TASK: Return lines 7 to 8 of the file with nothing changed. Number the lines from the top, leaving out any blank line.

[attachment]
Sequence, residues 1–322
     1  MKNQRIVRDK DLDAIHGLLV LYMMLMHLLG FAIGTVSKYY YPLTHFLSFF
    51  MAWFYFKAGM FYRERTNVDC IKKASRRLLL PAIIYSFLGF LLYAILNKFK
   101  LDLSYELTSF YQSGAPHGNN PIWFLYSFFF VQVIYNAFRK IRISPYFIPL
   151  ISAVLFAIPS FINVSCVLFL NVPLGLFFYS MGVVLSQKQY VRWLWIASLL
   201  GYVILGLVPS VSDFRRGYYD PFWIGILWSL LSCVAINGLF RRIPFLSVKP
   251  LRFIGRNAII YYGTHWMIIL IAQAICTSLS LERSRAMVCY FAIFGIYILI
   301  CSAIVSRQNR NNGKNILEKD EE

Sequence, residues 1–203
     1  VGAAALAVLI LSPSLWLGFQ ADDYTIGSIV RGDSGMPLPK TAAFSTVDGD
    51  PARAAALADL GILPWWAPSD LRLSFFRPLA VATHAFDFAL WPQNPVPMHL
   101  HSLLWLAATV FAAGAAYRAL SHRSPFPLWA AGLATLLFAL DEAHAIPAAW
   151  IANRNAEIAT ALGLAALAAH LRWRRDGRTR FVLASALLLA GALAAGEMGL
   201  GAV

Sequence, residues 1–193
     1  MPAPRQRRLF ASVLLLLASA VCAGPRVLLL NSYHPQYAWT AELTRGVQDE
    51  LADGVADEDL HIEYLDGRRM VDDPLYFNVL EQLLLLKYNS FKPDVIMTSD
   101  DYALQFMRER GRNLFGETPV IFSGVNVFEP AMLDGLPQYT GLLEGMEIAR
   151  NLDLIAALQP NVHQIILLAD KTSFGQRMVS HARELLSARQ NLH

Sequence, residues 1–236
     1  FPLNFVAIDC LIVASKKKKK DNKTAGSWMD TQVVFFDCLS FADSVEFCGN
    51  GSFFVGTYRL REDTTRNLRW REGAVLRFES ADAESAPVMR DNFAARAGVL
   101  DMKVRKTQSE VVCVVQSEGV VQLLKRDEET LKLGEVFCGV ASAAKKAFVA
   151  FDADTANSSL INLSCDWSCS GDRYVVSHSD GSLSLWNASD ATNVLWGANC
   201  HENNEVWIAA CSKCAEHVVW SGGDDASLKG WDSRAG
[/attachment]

   251  LRFIGRNAII YYGTHWMIIL IAQAICTSLS LERSRAMVCY FAIFGIYILI
   301  CSAIVSRQNR NNGKNILEKD EE